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article imageAfter courtroom outburst, Drew Peterson gets 38 years in prison

By Yukio Strachan     Feb 22, 2013 in Crime
Joliet - "I did not kill Kathleen," former Bolingbrook police sergeant Drew Peterson screamed from the stand Thursday just before the convicted killer received a 38-year prison sentence in the murder of his third wife, Kathleen Savio.
Saying Peterson showed "no remorse," Judge Edward Burmila handed down the 38 year sentence, saying Peterson will get credit for time served already, but must serve all of it, according to ABC7 Chicago.
The ruling came just a couple hours after Burmila denied a motion by defense attorneys to give the former cop a new trial because of purported mistakes by his former lawyer, NBC Chicago reported. It essentially means Peterson will spend the rest of his life in custody.
“His life is over as we know it,” Savio’s sister, Anna Doman, said of the 59-year-old convicted murderer.
Peterson sat calmly and quietly as Burmila handed down the sentence. It was stark contrast to the drama just minutes earlier, the Chicago Sun-Times writes.
Before his sentencing, ABC7 reported, Peterson took the stand Thursday and spoke for about 40 minutes. “Good day, my name is Drew Peterson," he calmly said.
Peterson told the court he was forced to sit silent during his entire trial. "I hope I don’t aggravate the situation,” he said, according to the Chicago news channel.
The court soon found out what he meant. He leaned forward into the courtroom microphone, looked directly at the Savio family, and shouted “I DID NOT KILL KATHLEEN!” emphasizing each of the five words, Chicago's Daily Herald writes.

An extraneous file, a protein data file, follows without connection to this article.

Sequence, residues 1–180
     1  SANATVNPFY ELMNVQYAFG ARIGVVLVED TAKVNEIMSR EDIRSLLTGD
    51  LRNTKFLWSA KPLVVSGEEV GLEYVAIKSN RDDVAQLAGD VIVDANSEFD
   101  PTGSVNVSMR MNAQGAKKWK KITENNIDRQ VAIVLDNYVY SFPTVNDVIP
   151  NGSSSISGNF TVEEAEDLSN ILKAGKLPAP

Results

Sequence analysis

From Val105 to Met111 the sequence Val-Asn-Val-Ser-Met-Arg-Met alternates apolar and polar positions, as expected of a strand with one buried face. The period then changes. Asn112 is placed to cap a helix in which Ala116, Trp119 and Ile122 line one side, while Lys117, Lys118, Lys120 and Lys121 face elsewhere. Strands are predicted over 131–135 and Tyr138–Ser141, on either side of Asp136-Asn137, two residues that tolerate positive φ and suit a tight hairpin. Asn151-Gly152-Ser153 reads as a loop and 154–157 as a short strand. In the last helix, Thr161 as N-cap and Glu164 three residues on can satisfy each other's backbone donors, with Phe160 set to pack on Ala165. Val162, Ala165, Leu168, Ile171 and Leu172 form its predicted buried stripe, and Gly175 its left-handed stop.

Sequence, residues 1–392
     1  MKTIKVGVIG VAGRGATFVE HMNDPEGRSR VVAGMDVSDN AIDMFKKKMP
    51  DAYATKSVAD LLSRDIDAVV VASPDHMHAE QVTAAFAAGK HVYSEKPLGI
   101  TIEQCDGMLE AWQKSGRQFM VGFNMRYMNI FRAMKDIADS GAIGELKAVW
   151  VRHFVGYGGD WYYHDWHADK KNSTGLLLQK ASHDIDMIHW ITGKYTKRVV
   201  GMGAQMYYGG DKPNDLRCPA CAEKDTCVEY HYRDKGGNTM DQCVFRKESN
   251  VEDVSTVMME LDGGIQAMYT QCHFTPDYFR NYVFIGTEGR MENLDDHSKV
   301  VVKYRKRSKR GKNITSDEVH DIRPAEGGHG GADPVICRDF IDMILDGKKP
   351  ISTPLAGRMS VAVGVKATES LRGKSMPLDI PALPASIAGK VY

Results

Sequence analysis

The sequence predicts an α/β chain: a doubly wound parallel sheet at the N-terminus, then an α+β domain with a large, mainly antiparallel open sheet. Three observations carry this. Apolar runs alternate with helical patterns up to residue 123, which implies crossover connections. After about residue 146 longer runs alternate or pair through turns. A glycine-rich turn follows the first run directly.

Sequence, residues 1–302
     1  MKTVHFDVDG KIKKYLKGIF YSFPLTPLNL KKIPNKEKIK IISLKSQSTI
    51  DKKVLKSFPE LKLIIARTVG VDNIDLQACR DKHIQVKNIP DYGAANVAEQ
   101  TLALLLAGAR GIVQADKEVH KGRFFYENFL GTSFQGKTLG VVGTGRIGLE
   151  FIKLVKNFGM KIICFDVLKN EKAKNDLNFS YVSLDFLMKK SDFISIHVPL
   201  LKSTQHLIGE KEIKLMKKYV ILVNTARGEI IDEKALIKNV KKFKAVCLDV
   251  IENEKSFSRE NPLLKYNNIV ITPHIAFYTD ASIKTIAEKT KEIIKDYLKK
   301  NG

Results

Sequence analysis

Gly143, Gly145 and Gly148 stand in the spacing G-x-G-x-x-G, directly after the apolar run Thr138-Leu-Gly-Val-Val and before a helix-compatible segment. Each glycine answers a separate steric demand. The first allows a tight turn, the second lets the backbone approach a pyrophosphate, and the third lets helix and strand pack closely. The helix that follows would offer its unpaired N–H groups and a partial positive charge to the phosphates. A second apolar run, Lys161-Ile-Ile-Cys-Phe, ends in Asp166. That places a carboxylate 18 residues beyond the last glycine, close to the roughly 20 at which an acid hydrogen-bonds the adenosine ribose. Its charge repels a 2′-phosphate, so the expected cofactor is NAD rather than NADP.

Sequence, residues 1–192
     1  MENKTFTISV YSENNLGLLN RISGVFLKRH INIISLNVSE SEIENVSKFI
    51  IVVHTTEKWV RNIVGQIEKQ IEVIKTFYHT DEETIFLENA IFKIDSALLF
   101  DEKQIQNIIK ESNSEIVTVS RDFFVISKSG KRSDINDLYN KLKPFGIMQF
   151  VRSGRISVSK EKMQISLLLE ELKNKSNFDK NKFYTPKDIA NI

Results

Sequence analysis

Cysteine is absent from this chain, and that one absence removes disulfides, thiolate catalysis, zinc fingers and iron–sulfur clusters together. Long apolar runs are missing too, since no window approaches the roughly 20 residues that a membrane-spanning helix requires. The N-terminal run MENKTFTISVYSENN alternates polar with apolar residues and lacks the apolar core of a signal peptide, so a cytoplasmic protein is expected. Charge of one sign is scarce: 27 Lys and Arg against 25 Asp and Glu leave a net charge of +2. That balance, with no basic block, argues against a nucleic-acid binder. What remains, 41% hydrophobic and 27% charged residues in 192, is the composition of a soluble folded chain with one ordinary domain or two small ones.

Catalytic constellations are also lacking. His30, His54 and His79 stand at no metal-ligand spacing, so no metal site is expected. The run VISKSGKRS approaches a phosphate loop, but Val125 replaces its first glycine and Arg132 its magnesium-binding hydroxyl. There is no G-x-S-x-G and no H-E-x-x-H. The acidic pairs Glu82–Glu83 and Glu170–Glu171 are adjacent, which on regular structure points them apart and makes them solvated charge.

Without missing a beat, Savio's sister, Susan Doman shot back, "Yes, you did! You liar!"
The judge ordered sheriff's deputies to remove her from the courtroom.
Judge Burmila warned him against any more outbursts. Peterson apologized to the judge saying he must have been whoozy. He told the judge that the state police set him up, according to WGN-TV Chicago.
After starting his statement with the startling scream, Peterson went on for 30 more minutes,
saying, "I loved Kathy. She was a good mom, she kept a nice home" he said, tearing up. "She did not deserve to die. But she died in an accident."
Breaking down even more, Peterson seemed to wallow in self-pity, telling the judge, "I don't deserve this," and that "America should be outraged (by the injustice of his conviction), but nobody cares." His voice quivered and his hands were shaking as he reached for a glass of water, the Herald writes.
Peterson said Savio's family "ruined her life," and accused them of trying to ruin his.
"Mr. Glasgow, all aspects of my life have been destroyed," Peterson said to the Will County state's attorney. "I tell you that so you celebrate."
Other times, ABC7 states, Peterson — who didn’t testify at his 2012 trial — seethed:
He accused the prosecution of taking an "accident" and staging a homicide. He also accused prosecutors for what he called "the largest railroad job ever" and conducting the "most expensive investigation" in the county's history.
He went after the media for making him "a monster," but later said he takes "full responsibility for my relationship with the media." And he complained of false police reports, “rumors, gossip, outrageous lies and most importantly, unreliable hearsay.”